Fire Service Mourns Passing of Icon
James O. Page, widely considered the father of fire-based EMS in America, died suddenly Sept. 4. Page was stricken by a massive heart attack as he was swimming at a health club near his home in Carlsbad, Calif. Page, 68, had no known history of heart disease.
Page was an EMS advocate and leader, attorney with a specialty in emergency services, speaker, author, and publisher. Founder of The Journal of Emergency Medical Services, he was named one of the 20 most influential fire service leaders of the 20th century by Fire Chief magazine in 2000.
Page’s long and varied career in emergency services started in the mid-1950s, when he worked as a private ambulance attendant in Los Angeles County. He later served as a firefighter in Monterey Park, Calif., and joined the Los Angeles County Fire Department in 1959.
During 14 years at LACFD, he rose to become a battalion chief, commanding a 60-square-mile battalion in south Los Angeles – while coordinating and implementing a countywide paramedic service. During this period, he completed his undergraduate education and law school and served as a technical consultant and writer for the TV series Emergency. Page had been a licensed California attorney since 1971.
In 1973, Page accepted the new position of chief of EMS for North Carolina, where he implemented a statewide program of emergency medical care and rescue services. He then moved north to become the executive director of a federally funded project to improve EMS in upstate New York.
From 1976 to 1983, Page served as executive director of the Advanced Coronary Treatment Foundation and developed programs to upgrade emergency medical services throughout the country. In 1979, he founded JEMS, one of the world’s most respected sources of EMS information.
Page was also the technical support services program manager for the U.S. Fire Administration, where he managed a national program of consulting and technical assistance for fire and EMS agencies.
He returned to the fire service in 1984 as a battalion chief in Carlsbad, Calif. Two years later, he was appointed fire chief of Monterey Park, Calif. He retired from Monterey Park in 1989, and returned to the full-time position of publisher at JEMS.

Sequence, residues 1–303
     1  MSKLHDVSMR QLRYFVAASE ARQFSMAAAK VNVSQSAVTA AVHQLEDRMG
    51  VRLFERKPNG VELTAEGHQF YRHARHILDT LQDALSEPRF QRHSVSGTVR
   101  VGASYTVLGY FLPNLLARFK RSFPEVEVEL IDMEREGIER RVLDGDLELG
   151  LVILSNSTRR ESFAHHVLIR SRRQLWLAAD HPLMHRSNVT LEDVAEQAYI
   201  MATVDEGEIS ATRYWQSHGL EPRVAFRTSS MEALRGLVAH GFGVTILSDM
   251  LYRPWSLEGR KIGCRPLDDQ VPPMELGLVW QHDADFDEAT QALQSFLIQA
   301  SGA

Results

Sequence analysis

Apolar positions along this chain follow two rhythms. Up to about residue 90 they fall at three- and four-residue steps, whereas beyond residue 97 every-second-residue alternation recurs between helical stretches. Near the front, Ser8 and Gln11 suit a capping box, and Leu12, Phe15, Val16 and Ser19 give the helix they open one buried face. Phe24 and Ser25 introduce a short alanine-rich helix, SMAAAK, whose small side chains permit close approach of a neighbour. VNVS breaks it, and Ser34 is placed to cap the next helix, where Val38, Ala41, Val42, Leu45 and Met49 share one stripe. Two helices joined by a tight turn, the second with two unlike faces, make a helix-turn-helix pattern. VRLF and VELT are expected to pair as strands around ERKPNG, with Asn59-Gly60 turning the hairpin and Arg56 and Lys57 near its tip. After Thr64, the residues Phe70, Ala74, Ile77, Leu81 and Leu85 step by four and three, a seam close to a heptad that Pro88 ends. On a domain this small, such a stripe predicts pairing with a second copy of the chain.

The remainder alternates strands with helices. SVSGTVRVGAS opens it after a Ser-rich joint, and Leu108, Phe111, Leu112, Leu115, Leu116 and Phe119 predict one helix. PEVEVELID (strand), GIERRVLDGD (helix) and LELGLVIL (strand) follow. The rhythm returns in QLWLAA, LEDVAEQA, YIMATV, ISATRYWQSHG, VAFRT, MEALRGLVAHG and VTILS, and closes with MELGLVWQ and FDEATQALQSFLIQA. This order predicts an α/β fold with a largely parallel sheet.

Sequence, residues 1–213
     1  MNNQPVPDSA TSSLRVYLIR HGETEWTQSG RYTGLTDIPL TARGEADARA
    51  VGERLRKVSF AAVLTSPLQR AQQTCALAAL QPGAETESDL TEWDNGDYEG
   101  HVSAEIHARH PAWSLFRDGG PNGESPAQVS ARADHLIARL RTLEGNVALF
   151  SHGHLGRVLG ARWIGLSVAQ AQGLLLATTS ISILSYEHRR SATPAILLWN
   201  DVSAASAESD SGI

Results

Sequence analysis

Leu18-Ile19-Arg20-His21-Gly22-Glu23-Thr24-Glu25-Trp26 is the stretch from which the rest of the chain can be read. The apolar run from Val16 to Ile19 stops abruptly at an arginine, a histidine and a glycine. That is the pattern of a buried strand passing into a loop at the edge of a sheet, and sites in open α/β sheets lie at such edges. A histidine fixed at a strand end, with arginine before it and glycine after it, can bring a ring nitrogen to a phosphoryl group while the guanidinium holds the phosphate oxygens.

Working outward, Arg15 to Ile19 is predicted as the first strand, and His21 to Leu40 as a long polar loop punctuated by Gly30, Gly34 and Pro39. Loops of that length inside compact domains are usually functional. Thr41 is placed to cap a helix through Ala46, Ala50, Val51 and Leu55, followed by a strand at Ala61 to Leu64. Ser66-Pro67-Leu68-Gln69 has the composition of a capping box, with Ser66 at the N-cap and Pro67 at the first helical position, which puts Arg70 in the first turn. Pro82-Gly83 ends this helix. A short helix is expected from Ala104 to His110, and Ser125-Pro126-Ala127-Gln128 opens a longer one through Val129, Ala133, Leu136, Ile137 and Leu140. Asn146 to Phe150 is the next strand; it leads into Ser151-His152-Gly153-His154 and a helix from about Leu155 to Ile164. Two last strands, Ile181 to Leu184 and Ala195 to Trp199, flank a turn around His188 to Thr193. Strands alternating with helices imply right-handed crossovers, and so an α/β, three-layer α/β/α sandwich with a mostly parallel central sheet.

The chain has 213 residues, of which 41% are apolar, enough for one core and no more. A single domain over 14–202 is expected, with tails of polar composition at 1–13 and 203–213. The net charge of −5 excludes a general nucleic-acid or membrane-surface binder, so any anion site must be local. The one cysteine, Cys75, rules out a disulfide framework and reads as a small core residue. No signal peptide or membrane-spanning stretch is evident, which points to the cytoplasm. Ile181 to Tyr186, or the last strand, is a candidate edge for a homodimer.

Page has written five books and more than 400 magazine articles and editorials, presented over 800 speeches, and provided consulting for more than 100 cities, counties and fire districts throughout the United States, Canada, Australia, New Zealand, Kuwait and Japan. In 1996 he was a participant in the Wingspread IV conference.
Perhaps the most prominent among his many honors came in 1995, when the International Association of Fire Chiefs recognized his life’s work with the new James O. Page EMS Achievment Award, the organization’s highest recognition for individual leadership in EMS.
Page retired from JEMS Communications in December 2001 and was given the title publisher emeritus. A partner in Page, Wolfberg and Wirth, a national law firm specializing in emergency services law with offices in California and Pennsylvania, Page continued to be a prolific writer and speaker on fire and EMS issues.
He is survived by his mother, Marion; his wife, Jane; four children; and six grandchildren.
In a look back at Page’s life at www.firechief.com, Michael J. Ward, assistant professor of emergency medicine at George Washington University, says he thought Page would live forever. In his achievements to better the world he lived in and in the lives saved each day by EMS personnel his leadership helped foster, he will.
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